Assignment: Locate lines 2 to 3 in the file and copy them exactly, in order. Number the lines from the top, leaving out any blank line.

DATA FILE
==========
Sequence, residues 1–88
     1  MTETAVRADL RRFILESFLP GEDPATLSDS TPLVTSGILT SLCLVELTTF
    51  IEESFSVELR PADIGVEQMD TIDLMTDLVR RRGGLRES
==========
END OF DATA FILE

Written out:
     1  MTETAVRADL RRFILESFLP GEDPATLSDS TPLVTSGILT SLCLVELTTF
    51  IEESFSVELR PADIGVEQMD TIDLMTDLVR RRGGLRES